First race: April 22, 1935. Seven skiers registered.
Highest number of participants in main race: Highest number of participants in main race: 363 (2016)
Highest total number of participants: 499 (2016)
Worldloppet membership: since 2014
Fossavatnsgangan, Fossavatn Ski Marathon, was established in 1935. The initial race was 18 km long and there were no problems with overcrowded tracks, as only seven skiers showed up for the occasion. The race was held annually until 1940 but was then discontinued. It was revived in 1955 and has never been cancelled since. For the first several decades the distance was always around 20 km and the start was close to the lake Fossavatn, from which the race takes its name. Skiers of today would probably find this to be an odd place to start a ski race. It had no facilities, only a huge rock and a flag pole. There were no shelters or washrooms, not even a road to take you there. In fact, to get to the start you either had to endure an hour‘s mountain hike, or drive a rough mountain road up to the half-way point of the race and ski 10 km “backwards” to the start.
In the late 1980s two shorter distances were introduced and in 2004 the 50 km distance was skied for the first time. The start has been moved from the original site, but the big rock over there now marks the half-way point of the 50 km race.
Fossavatnsgangan has been on the FIS calendar since 2005. At the Worldloppet AGM in Riva del Garda in June 2014, the race was accepted as a Worldloppet Associate Member.
Start/finish area in Seljalandsdalur, coordinates: 66°04’01.4″N; 23°11’41.1″W
Race centre:Isafjordur, Toftens Sports Hall, coordinates: 66°04’24.2″N 23°08’00.8″W
50 km course parameters:
Start altitude: 290 m
Highest point: 614 m
Longest climb: 115 m
Total climb: 1250 m
All Fossavatn courses (50 km, 25 km, 10 km, 5 km and 1 km) were redesigned in 2013. The 50 km distance is done in a single loop, starting and finishing at the ski area in Seljalandsdalur, some 10 minutes’ drive from downtown Isafjordur. The first 4 km of the course are mostly uphill, and in fact you should be prepared for some strenuous skiing all the way up to the 15 km mark. This first part is followed by some quite easy 10 km down to the half-way point, close to the lake Fossavatn. After the turnaround, the next 8 km are a steady climb from around 340 m altitude up to 614 m, which is the highest point of the course. This climb is followed by an easy stretch of around 8 km until the final climb starts. This climb is around 3 km long and ends with Miðfellsháls, the most notorious hill on this course. After that, though, the last 6-7 km are all downhill, right to the finish line.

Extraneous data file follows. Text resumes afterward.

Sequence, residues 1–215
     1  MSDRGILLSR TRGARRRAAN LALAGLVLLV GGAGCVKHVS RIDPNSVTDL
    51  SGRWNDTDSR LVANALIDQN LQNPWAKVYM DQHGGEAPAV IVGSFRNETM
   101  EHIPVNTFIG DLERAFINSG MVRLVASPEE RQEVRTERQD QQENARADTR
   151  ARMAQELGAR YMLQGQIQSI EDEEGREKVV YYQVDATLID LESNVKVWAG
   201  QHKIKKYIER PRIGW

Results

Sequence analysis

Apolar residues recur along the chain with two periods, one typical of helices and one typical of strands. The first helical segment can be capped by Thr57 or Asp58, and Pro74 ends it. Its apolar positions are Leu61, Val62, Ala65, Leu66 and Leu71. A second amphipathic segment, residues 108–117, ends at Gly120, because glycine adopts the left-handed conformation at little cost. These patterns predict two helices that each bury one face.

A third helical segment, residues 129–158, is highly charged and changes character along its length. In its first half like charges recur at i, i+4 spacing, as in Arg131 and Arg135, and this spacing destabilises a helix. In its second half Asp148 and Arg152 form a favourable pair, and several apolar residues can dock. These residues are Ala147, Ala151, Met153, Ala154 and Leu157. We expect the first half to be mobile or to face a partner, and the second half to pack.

HOW TO GET TO THE FOSSAVATNSGANGAN
Reykjavik/Keflavik international airport can be reached from most major airports in Europe and numerous airports in the US and Canada. From there you can:
- Fly with Air Iceland from the Reykjavik domestic airport to Isafjordur. There are two flights per day and they only take 40 minutes.
- Rent a car and drive to Isafjordur. The distance is 455 km and the drive takes 5-6 hours.
Air Iceland and Hertz car rental are Fossavatn partners. Travel packages: www.wildwestfjords.com/fossavatn
As for accommodation, the area has numerous hotels, guesthouses and self-catering apartments in the area. Hotel Isafjordur is a Fossavatn partner.
For any inquiries regarding the race or your travel, please email firstname.lastname@example.org or email@example.com.
WHERE TO SLEEP
The Icelandic name for Fossavatn Ski Marathon is Fossavatnsgangan. Short and simple!
In 2015, Fossavatnsgangan celebrated its 80th anniversary, being on the FIS calendar for 10 years and, of course, the first year as a member of the Worldloppet family.
The most successful skier in the history of Fossavatn is Kristján Rafn Gudmundsson. He won the race twelve times in the sixties and seventies, when the main distance was 20 km. Gudmundsson is still a very active skier, not only in the Fossavatn but also in Vasaloppet in Sweden, where he has raced over twenty times.
The 50 km distance has been skied 11 times since it was first introduced at the Fossavatn. The most successful male skiers are Oskar Svärd and Markus Jönsson, both from Sweden, who each has won the race two times. On the ladies´ side, US skiers Linda Ramsdell and Mary Beth Tuttle have also each won twice.
One of Iceland’s biggest nature reserves, Hornstrandir, is just north of Isafjordur. Adventure tours to there, which include back country skiing and sea kayaking just a few miles from the Arctic Circle, are available.
Those who drive to Isafjordur will have the opportunity to stop on the way and bathe in some of the natural, open air, geothermal hot pools in the area. Those pools are accessible winter and summer, day and night. Contact us for further directions.